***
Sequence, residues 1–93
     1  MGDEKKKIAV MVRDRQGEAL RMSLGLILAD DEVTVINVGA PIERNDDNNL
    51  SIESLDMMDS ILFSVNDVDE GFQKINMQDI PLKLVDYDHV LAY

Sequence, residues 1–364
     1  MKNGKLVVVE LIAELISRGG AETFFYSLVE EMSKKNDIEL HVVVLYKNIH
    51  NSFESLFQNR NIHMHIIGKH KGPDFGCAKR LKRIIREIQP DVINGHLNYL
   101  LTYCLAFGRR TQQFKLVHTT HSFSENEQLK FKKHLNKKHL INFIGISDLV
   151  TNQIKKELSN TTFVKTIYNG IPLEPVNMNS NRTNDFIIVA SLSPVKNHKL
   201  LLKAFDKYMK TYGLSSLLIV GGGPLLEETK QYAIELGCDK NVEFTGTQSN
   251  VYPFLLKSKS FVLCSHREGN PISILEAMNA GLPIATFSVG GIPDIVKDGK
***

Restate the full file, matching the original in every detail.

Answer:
Sequence, residues 1–93
     1  MGDEKKKIAV MVRDRQGEAL RMSLGLILAD DEVTVINVGA PIERNDDNNL
    51  SIESLDMMDS ILFSVNDVDE GFQKINMQDI PLKLVDYDHV LAY

Sequence, residues 1–364
     1  MKNGKLVVVE LIAELISRGG AETFFYSLVE EMSKKNDIEL HVVVLYKNIH
    51  NSFESLFQNR NIHMHIIGKH KGPDFGCAKR LKRIIREIQP DVINGHLNYL
   101  LTYCLAFGRR TQQFKLVHTT HSFSENEQLK FKKHLNKKHL INFIGISDLV
   151  TNQIKKELSN TTFVKTIYNG IPLEPVNMNS NRTNDFIIVA SLSPVKNHKL
   201  LLKAFDKYMK TYGLSSLLIV GGGPLLEETK QYAIELGCDK NVEFTGTQSN
   251  VYPFLLKSKS FVLCSHREGN PISILEAMNA GLPIATFSVG GIPDIVKDGK